Sasha Waters Freyer

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Sasha Waters Freyer (born November 19, 1968) is an American filmmaker and is the Chair of the Department of Photography and Film at Virginia Commonwealth University.

In 2018, her documentary, five years in the making, Garry Winogrand: All Things are Photographable premiered at the 2018 SXSW Film Festival],[1] where it won a Special Jury Prize and was picked up for theatrical distribution by Greenwich Entertainment[2] (U.S.) and Films We Like (Canada).

In 2016, she received the Helen Hill Award from the 10th Orphan Film Symposium,[3].

Early career[edit]

Waters Freyer was born in Brooklyn, New York, United States and studied photography at the University of Michigan (1986–1988) and The School of Visual Arts. In 1991, she received her BFA in Photography from the School of Visual Arts, where she studied with photographers Lois Conner, Thomas Roma and Charles Traub. She moved from photography to moving images shortly after graduation, working for filmmakers Michael Almereyda and Hal Hartley, Barbara Kopple, and television producers Sasha Alpert and Daniel Polin. While assisting on Kopple’s Fallen Champ: The Untold Story of Mike Tyson, Waters Freyer met Iana Porter with whom she founded the New York production company Emotion Motion Pictures, Inc, (the company was named by the great speculative fiction writer Harlan Ellison), and co-produced her first film, Whipped (1998) a 16mm documentary portrait of three professional New York dominatrixes. Whipped was funded in part by Jonathan Poneman’s and Bruce Pavitt’s Sub Pop Records, Whipped “doesn’t exploit for snarky laughs or soft-core titillation”[4] wrote Variety.[4] Whipped was selected for the first ever Sundance Independent Producers conference, and aired nationally on the Sundance Channel in the early 2000s. Waters Freyer was credited as “Sasha Waters” until 2003.

Waters Freyer earned her MFA in Film & Media Arts from Temple University in 1999, where she studied with Lynne Sachs[5] and Rea Tajiri. Her thesis film, Razing Appalachia,[6] which chronicled a years-long struggle against the expansion of then the nation’s largest strip mine in rural West Virginia, aired on the PBS series Independent Lens[7] in 2003. Razing Appalachia was the first national feature documentary film about the environmental and social costs of mountaintop removal mining and has since screened in more than 30 countries globally as a part of the ITVS series True Stories: Life in the U.S.A. Writing in The New Yorker, Nancy Franklin said of Razing Appalachia that the film was a “good example of what makes public television valuable.” Razing Appalachia earned awards at several U.S. film festivals including the Vermont International Film Festival, the EarthVision Environmental Film Festival and the Rural Route Film Festival. It has been sold to hundreds of University and community libraries by the distributor of environmental media, Bullfrog Films.

Since 2000[edit]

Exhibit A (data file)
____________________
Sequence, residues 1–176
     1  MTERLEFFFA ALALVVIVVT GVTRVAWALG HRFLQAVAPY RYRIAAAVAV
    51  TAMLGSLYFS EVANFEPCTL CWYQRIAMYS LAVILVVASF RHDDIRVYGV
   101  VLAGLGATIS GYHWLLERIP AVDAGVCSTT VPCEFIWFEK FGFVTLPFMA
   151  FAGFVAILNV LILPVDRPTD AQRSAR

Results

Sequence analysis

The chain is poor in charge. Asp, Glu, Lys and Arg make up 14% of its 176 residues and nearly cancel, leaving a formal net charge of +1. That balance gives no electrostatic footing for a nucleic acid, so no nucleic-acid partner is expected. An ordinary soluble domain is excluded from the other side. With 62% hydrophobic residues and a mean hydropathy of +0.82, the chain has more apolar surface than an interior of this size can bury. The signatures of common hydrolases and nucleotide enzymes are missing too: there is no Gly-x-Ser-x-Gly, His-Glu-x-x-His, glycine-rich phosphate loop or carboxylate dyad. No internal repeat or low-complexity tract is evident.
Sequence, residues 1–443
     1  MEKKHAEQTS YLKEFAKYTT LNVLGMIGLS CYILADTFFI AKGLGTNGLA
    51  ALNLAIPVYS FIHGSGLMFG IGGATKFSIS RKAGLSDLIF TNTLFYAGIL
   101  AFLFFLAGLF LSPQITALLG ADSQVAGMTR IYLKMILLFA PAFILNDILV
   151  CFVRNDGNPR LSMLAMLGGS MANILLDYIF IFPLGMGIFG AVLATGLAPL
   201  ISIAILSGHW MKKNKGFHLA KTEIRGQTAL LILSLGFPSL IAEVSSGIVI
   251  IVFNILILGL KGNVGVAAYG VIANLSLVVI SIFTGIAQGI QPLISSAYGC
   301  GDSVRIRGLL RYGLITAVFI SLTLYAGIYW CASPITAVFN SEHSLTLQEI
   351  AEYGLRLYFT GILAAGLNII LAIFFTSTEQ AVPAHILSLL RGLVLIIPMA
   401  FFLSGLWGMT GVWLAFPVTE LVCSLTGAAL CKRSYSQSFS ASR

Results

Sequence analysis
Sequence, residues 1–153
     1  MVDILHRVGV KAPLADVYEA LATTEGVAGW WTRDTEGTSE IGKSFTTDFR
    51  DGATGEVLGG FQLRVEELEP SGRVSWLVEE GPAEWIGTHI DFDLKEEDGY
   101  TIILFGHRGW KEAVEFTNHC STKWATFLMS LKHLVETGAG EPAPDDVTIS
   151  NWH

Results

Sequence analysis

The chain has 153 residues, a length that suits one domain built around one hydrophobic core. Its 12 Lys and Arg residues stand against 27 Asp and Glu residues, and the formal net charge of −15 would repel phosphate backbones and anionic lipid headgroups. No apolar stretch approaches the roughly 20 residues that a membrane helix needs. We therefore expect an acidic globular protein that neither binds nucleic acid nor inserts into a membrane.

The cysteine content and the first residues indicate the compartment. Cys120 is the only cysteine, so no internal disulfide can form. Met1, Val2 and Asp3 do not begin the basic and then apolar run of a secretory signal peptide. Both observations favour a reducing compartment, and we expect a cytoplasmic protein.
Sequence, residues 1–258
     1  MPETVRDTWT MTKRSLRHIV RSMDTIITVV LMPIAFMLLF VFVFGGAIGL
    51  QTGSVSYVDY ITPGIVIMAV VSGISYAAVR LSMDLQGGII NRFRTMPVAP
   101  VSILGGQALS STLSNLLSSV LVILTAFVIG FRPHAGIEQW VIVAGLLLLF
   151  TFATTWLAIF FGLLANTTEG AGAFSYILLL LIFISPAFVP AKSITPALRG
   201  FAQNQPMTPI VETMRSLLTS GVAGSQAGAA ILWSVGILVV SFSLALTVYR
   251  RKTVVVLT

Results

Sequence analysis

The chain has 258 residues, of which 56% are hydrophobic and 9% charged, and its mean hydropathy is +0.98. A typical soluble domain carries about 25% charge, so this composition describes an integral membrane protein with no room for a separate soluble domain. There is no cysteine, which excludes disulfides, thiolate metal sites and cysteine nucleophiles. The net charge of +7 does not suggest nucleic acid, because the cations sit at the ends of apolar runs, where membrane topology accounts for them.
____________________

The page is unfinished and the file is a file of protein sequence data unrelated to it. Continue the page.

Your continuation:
In 2000, Waters Freyer accepted a position as an Assistant Professor of Film & Video at the University of Iowa. She was promoted to Associate Professor in 2006 and created, over several years, a series of personal experimental films that have screened widely in the U.S. and abroad, including at the Tribeca, Big Sky Documentary, Jihlava International, Festival Internacional del Nuevo Cinema Latinoamericano in Havana, Cuba and Chicago Underground Film Festivals, winning awards in the experimental film category from the Onion City Film Festival in Chicago, the Black Maria Film Festival, the Humboldt International Short Film Festival, the Ann Arbor Film Festival and the San Diego Women’s Film Festival.

In 2013, Waters Freyer left the University of Iowa for a Chair position at Virginia Commonwealth University in Richmond, VA, where she currently teaches BFA and MFA students working in photography, film and media installation.

Recent projects[edit]

Waters Freyer’s new feature film, five years in the making, is a feminist documentary portrait of the American photographer Garry Winogrand. All Things are Photographable is co-produced by Submarine, and will have its broadcast premiere on the PBS series American Masters in the 2018-19 season. The film is made possible with the support of the National Endowment of the Arts, the Derek Freese Documentary Fund[8] and a successful Kickstarter campaign.

Awards and recognition[edit]

Waters Freyer has received grants and fellowships from the National Endowment for the Arts (2015, 2007); the Graham Foundation (2006); the Jerome Foundation (1999); the Pennsylvania Council on the Arts (1999); The Jacqueline Donnet Fund (2001); The Lucius & Eva Eastman Fund (2002); The Skaggs Foundation (2002); the Iowa Arts Council (2002 and 2005).

She has been a fellow at The MacDowell Colony (1999, 2002), Yaddo (2004) and the Virginia Center for the Creative Arts (2015).

References[edit]

  1. ^ "SXSW 2018 Schedule". schedule.sxsw.com. Retrieved 2018-09-22.
  2. ^ Hipes, Patrick (2018-03-14). "SXSW Winner 'Garry Winogrand' Acquired By Greenwich Entertainment". Deadline. Retrieved 2018-03-28.
  3. ^ http://www.nyu.edu/orphanfilm/helenhill2016.php
  4. ^ a b Dennis Harvey (2000-03-19). "Whipped". Variety. Retrieved 2016-09-05.
  5. ^ "Sasha Waters Freyer". Vlog.videoart.net. 2013-05-23. Retrieved 2016-09-05.
  6. ^ "Independent Lens . RAZING APPALACHIA . The Film". PBS. Retrieved 2016-09-05.
  7. ^ "Independent Lens - Independent Documentary Films". PBS. Retrieved 2016-09-05.
  8. ^ "Derek Freese Documentary Fund". Greater Philadelphia Film Office. Retrieved 2018-03-28.

External links[edit]